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Bulletin of the Korean Chemical Society (BKCS)

ISSN 0253-2964(Print)
ISSN 1229-5949(Online)
Volume 14, Number 4
BKCSDE 14(4)
April 20, 1993 

Reaction of Lithium Tris(diethylamino)aluminum Hydride in Tetrahydrofuran with Selected Organic Compounds Containing Representative Functional Groups
Jin Soon Cha*, Jae Cheol Lee
The approximate rates and stoichiometry of the reaction of excess lithium tris(diethylamino)aluminum hydride (LTDEA) with selected organic compounds containing representative functional groups under standardized condition (tetrahydrofuran, O℃) were examined in order to define the characteristics of the reagent for selective reductions. The reducing ability of LTDEA was also compared with those of the parent lithium aluminum hydride (LAH) and lithium tris(dibutylamino)aluminum hydride (LTDBA). In general, the reactivity toward organic functionalities is in order of LAH≫LTDEA≥LTDBA. LTDEA shows a unique reducing characteristics. Thus, benzyl alcohol and phenol evolve hydrogen slowly. The rate of hydrogen evolution of primary, secondary, and tertiary alcohols is distinctive: 1-hexanol evolves hydrogen completely in 6 h, whereas 3-hexanol evolves hydrogen very slowly. However, 3-ethyl-3-pentanol does not evolve any hydrogen under these reaction conditions. Primary amine, such as n-hexylamine, evolves only 1 equivalent of hydrogen. On the other hand, thiols examined are absolutely inert to this reagent. LTDEA reduces aldehydes, ketones, esters, acid chlorides, and epoxides readily to the corresponding alcohols. Quinones, such as p-benzoquinone and anthraquinone, are reduced to the corresponding diols without hydrogen evolution. However, carboxylic acids, anhydrides, nitriles, and primary amides are reduced slowly, where as tertiary amides are readily reduced. Finally, sulfides and sulfoxides are reduced to thiols and sulfides, respectively, without evolution of hydrogen. In addition to that, the reagent appears to be an excellent partial reducing agent to convert esters, primary carboxamides, and aromatic nitriles into the corresponding aldehydes. Free carboxylic acids are also converted into aldehydes through treatment of acyloxy-9-BBN with this reagent in excellent yields.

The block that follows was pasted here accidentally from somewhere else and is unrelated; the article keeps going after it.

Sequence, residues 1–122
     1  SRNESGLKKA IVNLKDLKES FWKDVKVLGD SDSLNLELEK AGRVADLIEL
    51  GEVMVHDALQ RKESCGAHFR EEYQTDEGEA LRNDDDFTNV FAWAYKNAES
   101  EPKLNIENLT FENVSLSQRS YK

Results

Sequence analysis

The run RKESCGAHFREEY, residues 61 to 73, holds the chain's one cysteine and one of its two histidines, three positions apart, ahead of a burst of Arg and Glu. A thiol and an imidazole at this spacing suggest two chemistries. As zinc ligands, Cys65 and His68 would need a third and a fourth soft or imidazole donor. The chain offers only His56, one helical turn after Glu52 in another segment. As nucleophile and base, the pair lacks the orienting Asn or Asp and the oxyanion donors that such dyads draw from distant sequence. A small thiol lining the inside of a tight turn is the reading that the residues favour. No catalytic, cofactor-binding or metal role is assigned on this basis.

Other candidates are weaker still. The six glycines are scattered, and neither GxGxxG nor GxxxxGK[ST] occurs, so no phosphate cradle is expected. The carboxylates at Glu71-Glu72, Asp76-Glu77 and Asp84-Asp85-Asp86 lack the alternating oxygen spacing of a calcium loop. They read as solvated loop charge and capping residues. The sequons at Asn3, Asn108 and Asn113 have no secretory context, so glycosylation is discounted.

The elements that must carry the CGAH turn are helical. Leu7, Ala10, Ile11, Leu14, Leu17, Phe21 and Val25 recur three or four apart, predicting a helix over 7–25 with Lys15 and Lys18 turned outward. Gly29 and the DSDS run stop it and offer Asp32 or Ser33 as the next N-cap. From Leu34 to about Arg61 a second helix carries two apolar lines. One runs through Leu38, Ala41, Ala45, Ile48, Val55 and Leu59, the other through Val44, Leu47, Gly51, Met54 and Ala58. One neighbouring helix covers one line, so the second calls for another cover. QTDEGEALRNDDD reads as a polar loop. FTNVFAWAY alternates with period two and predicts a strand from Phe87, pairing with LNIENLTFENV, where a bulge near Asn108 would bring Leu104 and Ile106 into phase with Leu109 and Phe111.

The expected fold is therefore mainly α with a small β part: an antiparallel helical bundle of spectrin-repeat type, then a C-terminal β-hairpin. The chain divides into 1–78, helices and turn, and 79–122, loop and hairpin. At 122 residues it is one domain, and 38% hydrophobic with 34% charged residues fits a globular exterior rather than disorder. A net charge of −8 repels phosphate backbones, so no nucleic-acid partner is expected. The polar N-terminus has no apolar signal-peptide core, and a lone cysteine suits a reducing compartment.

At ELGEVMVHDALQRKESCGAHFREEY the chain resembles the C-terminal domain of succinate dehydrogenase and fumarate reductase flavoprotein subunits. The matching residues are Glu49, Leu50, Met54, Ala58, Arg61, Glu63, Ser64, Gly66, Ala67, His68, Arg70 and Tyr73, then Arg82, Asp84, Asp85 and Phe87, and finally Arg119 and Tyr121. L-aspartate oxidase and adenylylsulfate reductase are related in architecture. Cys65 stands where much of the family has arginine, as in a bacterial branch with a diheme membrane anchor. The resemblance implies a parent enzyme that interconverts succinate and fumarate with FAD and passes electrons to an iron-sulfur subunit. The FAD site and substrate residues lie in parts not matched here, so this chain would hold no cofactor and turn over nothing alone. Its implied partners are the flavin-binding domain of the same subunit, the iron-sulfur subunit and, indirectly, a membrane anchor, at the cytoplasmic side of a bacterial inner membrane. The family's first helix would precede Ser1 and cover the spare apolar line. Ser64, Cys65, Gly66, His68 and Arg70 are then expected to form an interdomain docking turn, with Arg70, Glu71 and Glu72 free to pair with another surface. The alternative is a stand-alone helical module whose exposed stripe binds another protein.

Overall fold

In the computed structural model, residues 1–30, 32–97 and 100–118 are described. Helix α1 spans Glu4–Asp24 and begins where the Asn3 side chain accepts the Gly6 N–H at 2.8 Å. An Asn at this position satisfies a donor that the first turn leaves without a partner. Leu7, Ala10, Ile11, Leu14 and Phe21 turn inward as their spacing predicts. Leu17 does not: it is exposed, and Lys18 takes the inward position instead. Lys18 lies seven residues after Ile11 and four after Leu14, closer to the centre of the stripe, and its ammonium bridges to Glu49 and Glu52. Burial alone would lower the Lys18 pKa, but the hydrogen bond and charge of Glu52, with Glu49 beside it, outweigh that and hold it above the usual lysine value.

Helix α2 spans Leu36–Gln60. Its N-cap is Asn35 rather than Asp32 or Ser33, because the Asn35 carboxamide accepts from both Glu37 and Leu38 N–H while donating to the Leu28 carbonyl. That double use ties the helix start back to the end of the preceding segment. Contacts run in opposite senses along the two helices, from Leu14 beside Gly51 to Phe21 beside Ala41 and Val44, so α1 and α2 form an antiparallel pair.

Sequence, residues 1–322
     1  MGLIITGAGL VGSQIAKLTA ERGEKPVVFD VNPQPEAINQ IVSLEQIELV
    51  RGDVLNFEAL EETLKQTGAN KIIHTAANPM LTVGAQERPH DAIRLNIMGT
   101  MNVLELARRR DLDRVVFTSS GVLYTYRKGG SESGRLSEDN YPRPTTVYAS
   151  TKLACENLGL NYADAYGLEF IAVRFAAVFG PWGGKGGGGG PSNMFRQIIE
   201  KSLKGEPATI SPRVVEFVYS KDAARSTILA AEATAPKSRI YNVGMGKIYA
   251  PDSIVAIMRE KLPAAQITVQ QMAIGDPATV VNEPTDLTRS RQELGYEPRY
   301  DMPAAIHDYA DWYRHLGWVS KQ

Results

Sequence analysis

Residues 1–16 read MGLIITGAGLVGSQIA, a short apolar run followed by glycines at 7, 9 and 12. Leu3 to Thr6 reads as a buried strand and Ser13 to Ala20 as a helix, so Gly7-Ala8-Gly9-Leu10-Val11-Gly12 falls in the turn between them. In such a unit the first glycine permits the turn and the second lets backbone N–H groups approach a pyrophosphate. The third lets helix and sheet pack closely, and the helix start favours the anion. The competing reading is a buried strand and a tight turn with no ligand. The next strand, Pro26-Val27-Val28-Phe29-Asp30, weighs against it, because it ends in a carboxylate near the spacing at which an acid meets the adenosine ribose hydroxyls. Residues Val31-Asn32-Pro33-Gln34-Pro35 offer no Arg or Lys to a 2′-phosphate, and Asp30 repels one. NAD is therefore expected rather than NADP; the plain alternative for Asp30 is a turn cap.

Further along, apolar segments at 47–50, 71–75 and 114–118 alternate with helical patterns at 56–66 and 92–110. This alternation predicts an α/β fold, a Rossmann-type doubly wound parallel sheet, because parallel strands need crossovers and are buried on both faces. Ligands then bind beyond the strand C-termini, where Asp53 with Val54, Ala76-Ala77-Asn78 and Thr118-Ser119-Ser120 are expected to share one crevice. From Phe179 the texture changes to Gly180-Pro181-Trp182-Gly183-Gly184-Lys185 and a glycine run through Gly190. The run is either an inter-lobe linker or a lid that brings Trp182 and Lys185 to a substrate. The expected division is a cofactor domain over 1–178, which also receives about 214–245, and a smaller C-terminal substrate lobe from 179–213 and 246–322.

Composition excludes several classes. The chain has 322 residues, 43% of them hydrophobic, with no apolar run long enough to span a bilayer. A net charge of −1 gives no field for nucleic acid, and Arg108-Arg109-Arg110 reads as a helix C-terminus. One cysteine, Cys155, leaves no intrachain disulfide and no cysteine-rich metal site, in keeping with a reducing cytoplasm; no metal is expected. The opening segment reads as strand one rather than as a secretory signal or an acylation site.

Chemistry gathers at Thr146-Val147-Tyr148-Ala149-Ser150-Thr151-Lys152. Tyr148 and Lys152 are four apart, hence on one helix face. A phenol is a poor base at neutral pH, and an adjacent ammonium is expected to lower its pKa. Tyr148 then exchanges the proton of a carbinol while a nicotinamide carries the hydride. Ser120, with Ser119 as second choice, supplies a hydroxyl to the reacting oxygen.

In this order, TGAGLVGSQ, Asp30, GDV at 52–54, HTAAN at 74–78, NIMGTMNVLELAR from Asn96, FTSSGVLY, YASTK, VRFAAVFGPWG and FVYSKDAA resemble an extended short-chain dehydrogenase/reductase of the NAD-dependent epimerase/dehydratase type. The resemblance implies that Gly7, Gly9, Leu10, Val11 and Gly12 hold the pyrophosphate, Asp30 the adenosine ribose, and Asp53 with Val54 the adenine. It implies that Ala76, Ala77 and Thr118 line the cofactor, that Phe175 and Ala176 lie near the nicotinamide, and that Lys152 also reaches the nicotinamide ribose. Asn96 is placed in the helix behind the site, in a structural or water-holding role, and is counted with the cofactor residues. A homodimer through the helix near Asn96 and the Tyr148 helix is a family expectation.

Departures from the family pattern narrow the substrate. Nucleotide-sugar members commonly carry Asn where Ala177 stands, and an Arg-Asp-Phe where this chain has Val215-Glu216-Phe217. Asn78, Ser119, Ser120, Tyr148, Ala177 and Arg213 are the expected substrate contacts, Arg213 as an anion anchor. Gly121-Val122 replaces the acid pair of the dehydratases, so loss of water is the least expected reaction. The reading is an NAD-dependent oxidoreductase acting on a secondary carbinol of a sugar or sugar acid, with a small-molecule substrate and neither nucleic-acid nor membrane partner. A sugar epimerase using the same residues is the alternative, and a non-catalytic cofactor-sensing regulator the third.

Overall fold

469 - 475
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